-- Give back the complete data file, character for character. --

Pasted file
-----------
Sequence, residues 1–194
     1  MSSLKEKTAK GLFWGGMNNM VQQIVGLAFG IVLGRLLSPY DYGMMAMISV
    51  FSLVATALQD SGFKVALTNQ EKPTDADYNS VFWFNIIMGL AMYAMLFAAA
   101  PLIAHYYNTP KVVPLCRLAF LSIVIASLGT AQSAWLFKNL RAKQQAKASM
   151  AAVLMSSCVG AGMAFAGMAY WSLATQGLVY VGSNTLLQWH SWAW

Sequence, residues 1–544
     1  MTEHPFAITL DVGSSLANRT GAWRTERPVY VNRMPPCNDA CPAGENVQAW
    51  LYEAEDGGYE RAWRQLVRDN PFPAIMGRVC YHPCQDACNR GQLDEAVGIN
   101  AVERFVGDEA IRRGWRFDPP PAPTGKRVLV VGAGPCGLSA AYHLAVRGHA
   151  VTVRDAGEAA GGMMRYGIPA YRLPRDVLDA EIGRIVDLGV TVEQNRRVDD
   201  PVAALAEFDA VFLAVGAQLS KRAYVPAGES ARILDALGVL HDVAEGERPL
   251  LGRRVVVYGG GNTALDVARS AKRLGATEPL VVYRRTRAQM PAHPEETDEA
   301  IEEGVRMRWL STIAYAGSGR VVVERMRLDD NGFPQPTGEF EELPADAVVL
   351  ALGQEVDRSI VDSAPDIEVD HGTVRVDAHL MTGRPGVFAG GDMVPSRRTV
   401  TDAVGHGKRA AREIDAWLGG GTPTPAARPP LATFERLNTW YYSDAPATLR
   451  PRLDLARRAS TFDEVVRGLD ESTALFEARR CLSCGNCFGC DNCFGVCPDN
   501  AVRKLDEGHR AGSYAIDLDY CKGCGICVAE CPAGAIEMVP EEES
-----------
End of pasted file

Sequence, residues 1–194
     1  MSSLKEKTAK GLFWGGMNNM VQQIVGLAFG IVLGRLLSPY DYGMMAMISV
    51  FSLVATALQD SGFKVALTNQ EKPTDADYNS VFWFNIIMGL AMYAMLFAAA
   101  PLIAHYYNTP KVVPLCRLAF LSIVIASLGT AQSAWLFKNL RAKQQAKASM
   151  AAVLMSSCVG AGMAFAGMAY WSLATQGLVY VGSNTLLQWH SWAW

Sequence, residues 1–544
     1  MTEHPFAITL DVGSSLANRT GAWRTERPVY VNRMPPCNDA CPAGENVQAW
    51  LYEAEDGGYE RAWRQLVRDN PFPAIMGRVC YHPCQDACNR GQLDEAVGIN
   101  AVERFVGDEA IRRGWRFDPP PAPTGKRVLV VGAGPCGLSA AYHLAVRGHA
   151  VTVRDAGEAA GGMMRYGIPA YRLPRDVLDA EIGRIVDLGV TVEQNRRVDD
   201  PVAALAEFDA VFLAVGAQLS KRAYVPAGES ARILDALGVL HDVAEGERPL
   251  LGRRVVVYGG GNTALDVARS AKRLGATEPL VVYRRTRAQM PAHPEETDEA
   301  IEEGVRMRWL STIAYAGSGR VVVERMRLDD NGFPQPTGEF EELPADAVVL
   351  ALGQEVDRSI VDSAPDIEVD HGTVRVDAHL MTGRPGVFAG GDMVPSRRTV
   401  TDAVGHGKRA AREIDAWLGG GTPTPAARPP LATFERLNTW YYSDAPATLR
   451  PRLDLARRAS TFDEVVRGLD ESTALFEARR CLSCGNCFGC DNCFGVCPDN
   501  AVRKLDEGHR AGSYAIDLDY CKGCGICVAE CPAGAIEMVP EEES